This short editorial from the January 1960 Motor Life is essentially an introduction to their comparison tests of the new Corvair, Falcon and Valiant, coming over the next few days. These new compacts were the single biggest event in American post-war automotive history; the Big Three finally committing to build small cars. Were they import-fighters, or just American cars back to the more reasonable size they had been prior to their constant inflation, starting in the late 1930s?
Depending on your point of view on that question, you were bound to be either disappointed or happy, as the two were quite different things. The imports were decidedly smaller, cheaper and more economical, with four cylinder engines. Detroit decided that was not for them, and all three turned out to be six-seaters with six-cylinder engines. For better or for worse.
So the editors of Motor Life weren’t totally disappointed. To the extent that they were, it’s because all three ended up with more or less the same size, and not one of them was a direct import competitor. How it would have turned out if that had been the case is subject to great speculation, like here in the comments. A smaller four-cylinder Corvair? A Ford v4 Cardinal?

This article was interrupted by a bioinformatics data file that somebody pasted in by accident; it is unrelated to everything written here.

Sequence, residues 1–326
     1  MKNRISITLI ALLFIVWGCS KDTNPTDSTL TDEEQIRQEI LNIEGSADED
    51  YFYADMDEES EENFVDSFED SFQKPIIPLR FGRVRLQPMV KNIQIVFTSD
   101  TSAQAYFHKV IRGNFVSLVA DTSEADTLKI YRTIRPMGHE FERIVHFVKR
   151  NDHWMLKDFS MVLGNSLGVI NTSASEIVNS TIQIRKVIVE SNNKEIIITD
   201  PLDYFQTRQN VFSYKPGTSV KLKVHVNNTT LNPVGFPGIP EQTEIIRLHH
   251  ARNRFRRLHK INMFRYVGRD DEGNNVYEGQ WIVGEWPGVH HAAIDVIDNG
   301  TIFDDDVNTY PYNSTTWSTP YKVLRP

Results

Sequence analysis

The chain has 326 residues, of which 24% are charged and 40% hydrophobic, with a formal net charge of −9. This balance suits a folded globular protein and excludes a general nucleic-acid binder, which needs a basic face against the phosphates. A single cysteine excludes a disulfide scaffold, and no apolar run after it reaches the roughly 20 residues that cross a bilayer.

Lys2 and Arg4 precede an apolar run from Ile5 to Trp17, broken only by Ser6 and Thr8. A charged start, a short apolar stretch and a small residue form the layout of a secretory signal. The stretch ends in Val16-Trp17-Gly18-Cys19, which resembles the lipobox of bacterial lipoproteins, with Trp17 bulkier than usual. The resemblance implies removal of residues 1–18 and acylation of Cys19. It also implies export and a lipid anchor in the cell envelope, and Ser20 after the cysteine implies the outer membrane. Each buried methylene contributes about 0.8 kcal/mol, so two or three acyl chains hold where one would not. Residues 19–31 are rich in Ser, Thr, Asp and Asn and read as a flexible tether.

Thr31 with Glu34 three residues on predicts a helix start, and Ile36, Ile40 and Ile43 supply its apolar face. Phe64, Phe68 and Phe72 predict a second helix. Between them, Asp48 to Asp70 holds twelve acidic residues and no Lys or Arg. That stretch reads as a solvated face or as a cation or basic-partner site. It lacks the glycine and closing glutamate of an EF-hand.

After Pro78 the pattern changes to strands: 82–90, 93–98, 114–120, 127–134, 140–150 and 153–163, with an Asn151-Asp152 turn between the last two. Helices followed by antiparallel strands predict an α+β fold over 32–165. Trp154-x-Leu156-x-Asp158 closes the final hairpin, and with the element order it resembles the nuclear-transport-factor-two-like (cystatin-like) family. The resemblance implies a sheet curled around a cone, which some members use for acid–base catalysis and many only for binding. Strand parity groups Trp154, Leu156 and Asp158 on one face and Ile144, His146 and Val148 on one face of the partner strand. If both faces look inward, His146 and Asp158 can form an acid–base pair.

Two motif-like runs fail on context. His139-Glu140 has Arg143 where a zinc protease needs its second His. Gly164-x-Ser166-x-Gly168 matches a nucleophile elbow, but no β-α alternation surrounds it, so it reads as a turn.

Before you jump in, keep in mind that VW sales continued to increase in 1960 and each subsequent year, even though import market share did drop in 1960. It suggests that VW buyers weren’t seduced by the bigger domestic compacts at all, but some of the buyers of other imports in previous years might have become disappointed or disenchanted with their Lloyd, Simca, Austin or Zundapp. We’ll never know for sure.
But what we do know is that in the case of the Falcon and Valiant, they clearly cannibalized sales of their full-sized stablemates, both of which suffered big drops in 1960 and 1961. Which was prophesied in this line: “Finally, and what may be most important of all, with cars like these and the two compacts we’ve already had (Rambler and Lark) it is difficult to justify the existence of the standard sized cars”. And so it increasingly went, as full-size car market share continued its long and deadly decline, hurried along by the new compacts and their sporty and mid-size offshoots soon to come.